PSR B0329+54 is a pulsar approximately 3,460 light-years away in the constellation of Camelopardalis. It completes one rotation every 0.71452[2] seconds and is approximately 5 million years old.[2]

PSR B0329+54
Observation data
Epoch J2000      Equinox J2000
Constellation Camelopardalis
Right ascension 03h 32m 59.368s[1]
Declination +54° 34′ 43.57″[1]
Distance3,460 ly
(1,060 pc)
Spectral typePulsar
Other designations
NVSS J033259+543444, PSR B0329+54, PSR J0332+5434, TXS 0329+544, PULS CP 0329, 2MASS J03325936+5434448
Database references

The emissions of this pulsar and the Vela Pulsar were converted into audible sound by the French composer Gérard Grisey, and used as such in the piece Le noir de l'étoile (1989–90).[3][4][5]

Planetary system Edit

In 1979, two exoplanets were announced to be orbiting the pulsar (being classified as pulsar planets). Later observations did not support this conclusion.[6][2][7] More recently, a 2017 analysis indicates that a different long-period pulsar planet remains a possibility,[8] and this is treated as a confirmed planet by exoplanet databases.[9]

The PSR B0329+54 planetary system[8]
(in order from star)
Mass Semimajor axis
Orbital period
Eccentricity Inclination Radius
b 1.97 ± 0.19 M🜨 10.26 ± 0.07 27.76 ± 0.03 0.236 ± 0.011

See also Edit

References Edit

  1. ^ a b Cutri, R. M.; et al. (June 2003), 2MASS All Sky Catalog of point sources, NASA/IPAC,
  2. ^ a b c Konacki, Maciej; et al. (July 1999), "Are There Planets around the Pulsar PSR B0329+54?", The Astrophysical Journal, 519 (1): L81–L84, Bibcode:1999ApJ...519L..81K, doi:10.1086/312089.
  3. ^ Re, Giuseppe del. 2000. Cosmic Dance, pp. 24–25. Templeton Foundation Press, ISBN 9781890151256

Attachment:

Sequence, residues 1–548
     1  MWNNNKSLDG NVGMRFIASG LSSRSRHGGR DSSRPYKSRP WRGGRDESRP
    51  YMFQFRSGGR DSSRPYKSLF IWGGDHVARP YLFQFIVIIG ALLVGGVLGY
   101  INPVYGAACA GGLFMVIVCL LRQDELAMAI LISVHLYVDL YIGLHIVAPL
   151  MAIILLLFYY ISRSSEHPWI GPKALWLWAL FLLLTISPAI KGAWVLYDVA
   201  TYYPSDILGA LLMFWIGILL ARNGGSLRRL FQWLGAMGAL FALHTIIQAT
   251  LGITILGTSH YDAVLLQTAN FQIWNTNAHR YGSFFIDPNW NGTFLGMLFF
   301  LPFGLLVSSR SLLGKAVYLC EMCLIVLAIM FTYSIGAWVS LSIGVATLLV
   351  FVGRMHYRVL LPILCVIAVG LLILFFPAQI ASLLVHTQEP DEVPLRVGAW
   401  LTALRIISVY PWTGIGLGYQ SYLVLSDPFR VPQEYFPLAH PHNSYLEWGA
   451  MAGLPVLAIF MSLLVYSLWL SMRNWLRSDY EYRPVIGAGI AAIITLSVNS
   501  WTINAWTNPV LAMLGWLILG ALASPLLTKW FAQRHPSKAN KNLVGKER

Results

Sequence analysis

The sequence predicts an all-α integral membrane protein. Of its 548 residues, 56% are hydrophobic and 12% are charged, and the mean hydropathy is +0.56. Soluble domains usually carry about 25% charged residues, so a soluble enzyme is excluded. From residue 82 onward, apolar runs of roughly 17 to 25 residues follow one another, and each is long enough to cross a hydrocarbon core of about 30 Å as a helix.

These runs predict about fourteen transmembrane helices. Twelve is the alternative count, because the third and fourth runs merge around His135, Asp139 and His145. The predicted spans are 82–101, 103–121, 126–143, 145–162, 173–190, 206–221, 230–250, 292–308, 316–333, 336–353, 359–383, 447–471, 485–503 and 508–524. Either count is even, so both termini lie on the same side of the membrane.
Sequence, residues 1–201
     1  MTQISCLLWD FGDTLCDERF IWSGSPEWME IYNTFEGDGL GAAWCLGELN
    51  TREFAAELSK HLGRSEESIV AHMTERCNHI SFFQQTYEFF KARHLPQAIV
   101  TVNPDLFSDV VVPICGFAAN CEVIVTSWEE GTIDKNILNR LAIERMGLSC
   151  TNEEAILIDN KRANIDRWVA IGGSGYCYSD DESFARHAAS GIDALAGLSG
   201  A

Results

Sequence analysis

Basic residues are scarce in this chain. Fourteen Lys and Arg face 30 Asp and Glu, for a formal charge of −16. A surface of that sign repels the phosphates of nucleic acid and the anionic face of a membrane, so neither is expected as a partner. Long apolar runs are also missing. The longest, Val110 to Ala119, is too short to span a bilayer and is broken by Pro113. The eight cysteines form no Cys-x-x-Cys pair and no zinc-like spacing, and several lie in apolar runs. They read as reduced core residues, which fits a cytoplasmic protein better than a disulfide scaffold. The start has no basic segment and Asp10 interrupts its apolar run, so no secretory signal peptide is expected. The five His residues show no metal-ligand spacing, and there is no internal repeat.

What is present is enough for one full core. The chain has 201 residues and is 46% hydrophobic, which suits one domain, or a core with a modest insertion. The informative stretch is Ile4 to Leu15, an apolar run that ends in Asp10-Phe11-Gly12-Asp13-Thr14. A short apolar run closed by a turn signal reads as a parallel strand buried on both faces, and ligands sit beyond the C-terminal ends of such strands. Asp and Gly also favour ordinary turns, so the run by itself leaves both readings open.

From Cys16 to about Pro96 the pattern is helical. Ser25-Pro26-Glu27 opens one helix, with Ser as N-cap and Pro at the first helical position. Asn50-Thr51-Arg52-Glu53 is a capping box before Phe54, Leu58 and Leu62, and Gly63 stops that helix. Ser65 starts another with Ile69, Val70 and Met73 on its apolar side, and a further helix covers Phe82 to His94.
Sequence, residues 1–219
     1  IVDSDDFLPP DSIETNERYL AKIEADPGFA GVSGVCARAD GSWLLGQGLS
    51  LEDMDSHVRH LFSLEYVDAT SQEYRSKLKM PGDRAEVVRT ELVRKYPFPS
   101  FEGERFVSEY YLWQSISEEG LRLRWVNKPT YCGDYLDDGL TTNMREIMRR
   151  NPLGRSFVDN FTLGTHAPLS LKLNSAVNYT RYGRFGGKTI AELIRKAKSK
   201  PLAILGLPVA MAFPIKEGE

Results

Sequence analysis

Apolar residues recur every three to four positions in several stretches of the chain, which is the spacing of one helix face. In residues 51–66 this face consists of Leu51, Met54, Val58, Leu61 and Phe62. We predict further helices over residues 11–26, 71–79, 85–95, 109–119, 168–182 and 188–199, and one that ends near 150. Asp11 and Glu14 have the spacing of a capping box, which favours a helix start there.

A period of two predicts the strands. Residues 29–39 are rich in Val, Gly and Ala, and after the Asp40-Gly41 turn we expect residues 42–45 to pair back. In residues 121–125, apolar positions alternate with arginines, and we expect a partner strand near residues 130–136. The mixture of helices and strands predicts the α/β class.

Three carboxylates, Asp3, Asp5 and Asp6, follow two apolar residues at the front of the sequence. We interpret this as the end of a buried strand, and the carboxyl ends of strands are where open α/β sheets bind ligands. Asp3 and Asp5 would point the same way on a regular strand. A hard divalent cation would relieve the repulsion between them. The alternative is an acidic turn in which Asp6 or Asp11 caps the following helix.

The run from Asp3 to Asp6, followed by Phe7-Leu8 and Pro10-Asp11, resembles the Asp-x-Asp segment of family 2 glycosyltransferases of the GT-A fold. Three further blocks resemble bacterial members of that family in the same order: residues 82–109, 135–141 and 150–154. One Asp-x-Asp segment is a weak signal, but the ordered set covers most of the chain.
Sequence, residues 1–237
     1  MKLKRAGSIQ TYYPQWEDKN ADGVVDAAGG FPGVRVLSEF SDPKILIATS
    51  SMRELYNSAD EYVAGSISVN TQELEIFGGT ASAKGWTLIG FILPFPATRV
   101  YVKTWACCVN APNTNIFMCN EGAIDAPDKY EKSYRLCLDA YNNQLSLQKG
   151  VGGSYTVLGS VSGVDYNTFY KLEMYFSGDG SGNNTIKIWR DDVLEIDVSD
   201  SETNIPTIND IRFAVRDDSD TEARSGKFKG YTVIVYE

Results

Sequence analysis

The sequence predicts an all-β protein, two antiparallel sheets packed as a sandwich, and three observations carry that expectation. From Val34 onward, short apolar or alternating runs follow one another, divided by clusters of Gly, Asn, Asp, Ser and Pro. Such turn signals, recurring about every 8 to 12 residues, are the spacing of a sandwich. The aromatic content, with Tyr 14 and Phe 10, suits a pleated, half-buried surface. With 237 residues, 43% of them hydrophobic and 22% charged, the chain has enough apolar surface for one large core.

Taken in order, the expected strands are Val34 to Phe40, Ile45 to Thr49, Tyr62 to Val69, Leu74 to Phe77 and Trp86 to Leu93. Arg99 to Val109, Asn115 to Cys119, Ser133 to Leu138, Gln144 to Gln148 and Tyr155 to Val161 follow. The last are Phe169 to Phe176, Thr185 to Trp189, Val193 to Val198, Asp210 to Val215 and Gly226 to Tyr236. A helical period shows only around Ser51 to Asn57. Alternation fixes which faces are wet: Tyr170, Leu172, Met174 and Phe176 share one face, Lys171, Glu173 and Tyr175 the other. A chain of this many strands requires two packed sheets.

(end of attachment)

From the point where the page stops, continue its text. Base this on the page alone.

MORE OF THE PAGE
4. ^ Luminet, Jean-Pierre. 2011. Illuminations: Cosmos et esthétique, pp. 419–420. Odile Jacob, ISBN 9782738185938
  5. ^ "Gérard Grisey: Le Noir de l'étoile" (work details) (in French and English). IRCAM.
  6. ^ Hobbs, G.; Lyne, A. G.; Kramer, M. (February 2010), "An analysis of the timing irregularities for 366 pulsars", Monthly Notices of the Royal Astronomical Society, 402 (2): 1027–1048, arXiv:0912.4537, Bibcode:2010MNRAS.402.1027H, doi:10.1111/j.1365-2966.2009.15938.x, S2CID 119269505.
  7. ^ Shabanova, T. V.; et al. (September 2013), "Timing Observations of 27 Pulsars at the Pushchino Observatory from 1978 to 2012", The Astrophysical Journal, 775 (1): 24, arXiv:1307.0297, Bibcode:2013ApJ...775....2S, doi:10.1088/0004-637X/775/1/2, S2CID 119110237, 2.
  8. ^ a b Starovoit, E. D.; Rodin, A. E. (2017), "On the existence of planets around the pulsar PSR B0329+54", Astronomy Reports, 61 (11): 948–953, arXiv:1710.01153, Bibcode:2017ARep...61..948S, doi:10.1134/S1063772917110063, S2CID 119460916
  9. ^ "PSR B0329+54". NASA Exoplanet Archive. Retrieved 15 September 2023.